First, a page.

Newbury is Back

April 1, 2013

Kris Newbury was gone from the Whale for a little over a week, and he fared pretty well with the Rangers.

Action Shot for Blog - 04-01-13

(Photo by Bruce Bennett/Getty Images)

The Whale’s leading scorer averaged about eight minutes of ice time in the four games he played while on recall, including a high of 8:55 in his first game, the Rangers’ 3-2 shootout loss at home to Washington last Sunday, in which Newbury had an assist.  He was either a plus or even in all four of the games and was not on the ice for any goals-against.  Newbury also maintained his place in the lineup Saturday in Montreal in the first game Mats Zuccarello played, as Darroll Powe sat out as a healthy scratch.

The Rangers did not do well as a team in those games, though, winning only one of the four, and Newbury was returned to the Whale on Saturday.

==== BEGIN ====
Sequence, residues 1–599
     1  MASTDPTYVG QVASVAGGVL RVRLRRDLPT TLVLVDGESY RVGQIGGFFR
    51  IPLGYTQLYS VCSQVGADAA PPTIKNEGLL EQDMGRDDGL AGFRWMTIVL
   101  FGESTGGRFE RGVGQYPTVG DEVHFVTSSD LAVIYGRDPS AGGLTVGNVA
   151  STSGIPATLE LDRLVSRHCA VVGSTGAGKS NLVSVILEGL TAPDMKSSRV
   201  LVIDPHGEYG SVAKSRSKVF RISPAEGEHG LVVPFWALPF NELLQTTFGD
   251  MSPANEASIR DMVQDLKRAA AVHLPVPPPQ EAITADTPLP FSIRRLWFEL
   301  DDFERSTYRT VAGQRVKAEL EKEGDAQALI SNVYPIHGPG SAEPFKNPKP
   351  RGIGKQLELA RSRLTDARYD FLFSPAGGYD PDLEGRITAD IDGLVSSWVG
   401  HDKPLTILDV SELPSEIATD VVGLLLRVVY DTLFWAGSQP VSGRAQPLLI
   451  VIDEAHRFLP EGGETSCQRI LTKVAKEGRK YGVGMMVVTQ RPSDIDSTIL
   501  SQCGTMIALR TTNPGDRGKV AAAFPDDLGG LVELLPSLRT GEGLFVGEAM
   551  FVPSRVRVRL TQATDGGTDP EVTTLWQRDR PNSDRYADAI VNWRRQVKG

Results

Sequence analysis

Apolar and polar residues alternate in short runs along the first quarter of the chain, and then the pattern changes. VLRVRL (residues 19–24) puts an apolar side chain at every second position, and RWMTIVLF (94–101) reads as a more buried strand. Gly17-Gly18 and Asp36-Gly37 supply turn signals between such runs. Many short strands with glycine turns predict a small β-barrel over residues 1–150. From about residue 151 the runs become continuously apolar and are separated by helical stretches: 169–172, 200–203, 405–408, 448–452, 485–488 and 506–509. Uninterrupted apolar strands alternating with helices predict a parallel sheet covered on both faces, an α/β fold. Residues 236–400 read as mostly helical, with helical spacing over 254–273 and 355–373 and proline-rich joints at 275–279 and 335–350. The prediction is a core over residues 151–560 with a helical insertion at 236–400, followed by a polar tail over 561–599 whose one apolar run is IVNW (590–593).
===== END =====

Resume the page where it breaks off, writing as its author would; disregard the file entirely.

Connecticut played four games without its top point-producer and managed two wins, but the Whale power play clearly missed Newbury.  He’s the guy who possesses the puck the most on the PP, and distributes from the half-wall, and without him the man-advantage unit went 1/16 and really struggled in Saturday’s 2-1 loss in Springfield, which I thought looked like a winnable game.

So Newbury is back, and it sure looks like Marek Hrivik is getting close to playing, as he went full out in all of last week’s practices.  Putting both of those guys back in the lineup would necessitate a difficult choice in deciding whom to take out, but being able to plug Hrivik back in just as the games are the most critical (similar to when he first joined the team last season), you would think would be a big shot in the arm.